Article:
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Wednesday 17 June 2020

Lost All Reason And Belonging

A month ago JC, The Vinyl Villain, posted some songs from the first flush of Ian McCulloch's post- Bunnymen solo career, a single from late summer of 1989. It's here, a comprehensive post about Faith And Healing, Candleland and it's B-sides. I was about to post something very similar so pushed my post back a bit and then re-wrote it. I have a lot of affection for Candleland, an album that JC notes sold fairly well and got good reviews but came and went very quickly. Tastes were changing quickly in the autumn of 1989, in the world of guitar bands very quickly indeed, and at the ripe old age of thirty Ian was looking like one of yesterday's men.

Candleland stands up as a decent collection of Ian McCulloch songs, some have a late days Bunnymen feel, not least in his voice and the lyrics. The single Faith And Healing is a particular favourite, sounding as it does like Mac fronting late 80s New Order. It's nothing groundbreaking, nothing out of the groove he was in by that point, it's just pushes my buttons (in a good way). The flow of words and themes remind me of The Game re-worked for '89.

Faith And Healing

Ian did a Peel Session in December 1989 with his new band, The Prodigal Sons. The session version is very different from the album one, the New Order synths and bass sound removed and the fuzz guitars turned up, sounding alive and tuned in. The whole session is much rawer, rehearsal room stuff rather than the more smoothed out sound of the Candleland album and thirty one years later these versions sound fairly fresh.

Faith And Healing (Peel Session)

The Flickering Wall (Peel Session)

Damnation (Peel Session)

Candleland (Peel Session)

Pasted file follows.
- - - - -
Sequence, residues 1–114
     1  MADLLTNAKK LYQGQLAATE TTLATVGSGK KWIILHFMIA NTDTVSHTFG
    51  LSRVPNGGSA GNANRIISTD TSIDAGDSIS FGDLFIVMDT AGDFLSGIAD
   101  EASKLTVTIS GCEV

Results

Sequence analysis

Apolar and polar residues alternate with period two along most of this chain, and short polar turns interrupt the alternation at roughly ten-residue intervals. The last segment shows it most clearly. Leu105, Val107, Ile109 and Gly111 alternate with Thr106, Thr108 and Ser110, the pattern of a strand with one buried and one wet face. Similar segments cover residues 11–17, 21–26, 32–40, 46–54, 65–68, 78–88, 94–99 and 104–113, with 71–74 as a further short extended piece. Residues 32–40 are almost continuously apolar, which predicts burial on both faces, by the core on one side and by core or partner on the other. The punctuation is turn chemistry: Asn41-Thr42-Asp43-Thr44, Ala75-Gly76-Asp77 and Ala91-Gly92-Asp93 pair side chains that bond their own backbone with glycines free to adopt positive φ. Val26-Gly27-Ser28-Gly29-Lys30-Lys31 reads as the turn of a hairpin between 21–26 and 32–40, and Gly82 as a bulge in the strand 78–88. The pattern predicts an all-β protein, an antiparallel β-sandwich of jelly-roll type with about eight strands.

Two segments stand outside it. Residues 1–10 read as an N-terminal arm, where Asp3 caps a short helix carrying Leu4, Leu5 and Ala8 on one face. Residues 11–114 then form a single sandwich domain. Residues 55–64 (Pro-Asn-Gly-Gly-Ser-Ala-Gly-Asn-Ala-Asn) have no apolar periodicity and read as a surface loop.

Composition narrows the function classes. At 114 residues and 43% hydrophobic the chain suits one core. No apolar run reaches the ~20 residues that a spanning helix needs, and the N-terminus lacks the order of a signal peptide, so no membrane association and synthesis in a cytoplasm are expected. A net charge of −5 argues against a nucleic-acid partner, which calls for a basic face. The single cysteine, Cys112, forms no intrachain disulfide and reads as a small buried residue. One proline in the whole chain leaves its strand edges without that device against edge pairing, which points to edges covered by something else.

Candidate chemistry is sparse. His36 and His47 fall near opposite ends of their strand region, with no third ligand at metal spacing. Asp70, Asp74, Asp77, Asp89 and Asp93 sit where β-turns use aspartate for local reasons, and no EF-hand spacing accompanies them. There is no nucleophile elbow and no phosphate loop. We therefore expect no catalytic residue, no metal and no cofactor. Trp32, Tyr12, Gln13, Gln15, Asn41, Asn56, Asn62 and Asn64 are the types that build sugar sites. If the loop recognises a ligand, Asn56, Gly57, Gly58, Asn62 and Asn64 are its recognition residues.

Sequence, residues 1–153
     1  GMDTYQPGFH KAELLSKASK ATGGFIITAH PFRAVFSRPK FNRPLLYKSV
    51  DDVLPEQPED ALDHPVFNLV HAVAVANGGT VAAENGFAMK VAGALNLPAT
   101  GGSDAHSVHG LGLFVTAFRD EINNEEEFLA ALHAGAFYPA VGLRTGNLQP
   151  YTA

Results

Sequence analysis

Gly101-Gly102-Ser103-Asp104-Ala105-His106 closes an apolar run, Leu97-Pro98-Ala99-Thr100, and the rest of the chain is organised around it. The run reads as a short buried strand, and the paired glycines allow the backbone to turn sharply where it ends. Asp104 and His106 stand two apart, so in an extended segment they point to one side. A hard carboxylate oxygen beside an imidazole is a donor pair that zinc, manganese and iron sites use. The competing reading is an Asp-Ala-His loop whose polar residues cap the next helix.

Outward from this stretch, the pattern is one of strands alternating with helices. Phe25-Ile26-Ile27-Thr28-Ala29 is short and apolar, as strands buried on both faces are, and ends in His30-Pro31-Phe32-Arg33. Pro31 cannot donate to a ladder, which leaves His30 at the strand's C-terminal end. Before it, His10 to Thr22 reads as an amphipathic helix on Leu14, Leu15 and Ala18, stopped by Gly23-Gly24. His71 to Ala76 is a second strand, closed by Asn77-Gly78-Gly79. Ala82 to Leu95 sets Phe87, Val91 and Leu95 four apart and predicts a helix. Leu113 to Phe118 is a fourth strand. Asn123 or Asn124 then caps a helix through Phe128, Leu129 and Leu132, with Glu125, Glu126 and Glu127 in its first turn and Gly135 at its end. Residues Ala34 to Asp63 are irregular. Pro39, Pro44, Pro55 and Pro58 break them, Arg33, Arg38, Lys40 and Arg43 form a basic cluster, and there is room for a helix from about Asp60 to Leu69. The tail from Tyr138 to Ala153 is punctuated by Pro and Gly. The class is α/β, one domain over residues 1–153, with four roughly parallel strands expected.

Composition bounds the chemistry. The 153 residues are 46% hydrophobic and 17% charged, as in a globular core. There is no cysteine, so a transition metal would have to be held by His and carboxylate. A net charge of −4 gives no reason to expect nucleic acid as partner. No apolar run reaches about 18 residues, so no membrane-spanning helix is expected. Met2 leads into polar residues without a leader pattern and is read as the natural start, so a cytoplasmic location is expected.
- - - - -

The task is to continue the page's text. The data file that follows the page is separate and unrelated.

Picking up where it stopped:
The 12" release of Faith And Healing came with several remixes. This one, The Carpenter's Son Mix (by Mark Saunders), is a typical late 80s remix- extended with the guitars and bass separated and moved around.

Faith And Healing (The Carpenter's Son Mix)


JC said...

My third go at leaving a comment....can't seem to do it from phone!

Cheers for the very kind words and link to my recent post - I haven't heard the Peel Session versions before, so looking forward to them.

Excellent observation from you about so many thinking Mac was washed up at the end of the 90s - wishful thinking too, as far as many journos were concerned. It was a fine moment when he proved them wrong.


Nick L said...

I found the actual Candleland album just a little too smooth at the time. These versions are much more the ticket, thanks for posting, I'd not heard them before either. Mac could have become a little bit cast adrift back then...as you correctly say, things moved on quickly in 88-90, and there was maybe a danger he'd be left behind in the wake of the Roses and the Mondays etc. Glad he didn't get completely eclipsed though.
Did you hear his Slideling album from 2003? I wonder if there are any rawer versions of those songs around...

Swiss Adam said...

Yep, I heard Slideling but didn't buy it. Must have heard it later on, don't remember much of it. Is it worht anothe rgo?

I quite liked Mysterio when it came out, especially Lover, Lover, Lover.

Nick L said...

Slideling is simply just OK. With all that you might assume by that! I think Mac was a little bit too pleased to be being namechecked by Coldplay at the time, when really he should have been towering over their sort. Mysterio probably is a slightly better album overall.

Echorich said...

Those Peel Sessions are just great. I have always felt Candleland was McCulloch successfully proving himself as a songwriter. It holds its own against the weight class of The Bunnymen.
Faith & Healing also contains my favorite McCulloch song Rocketship...it was only released on the cd single version of the single. This was back when labels could get away with releasing different versions of the maxi single, splitting up B-sides for the best bang for their buck. It would find its way to the Edsel/Rhino reissue of Candleland in 2012.
As for Mysterio, I simply love the two Robin Guthrie produced songs Heaven Gate and Vibor Blue and two b-sides from the Lover Lover Lover single, Ribbons and Chains and Birdy. Ribbons and Chains would find it's way on to the 99 Bunnymen album What Are You Going To Do With Your Life in a new form as the beautiful single Rust.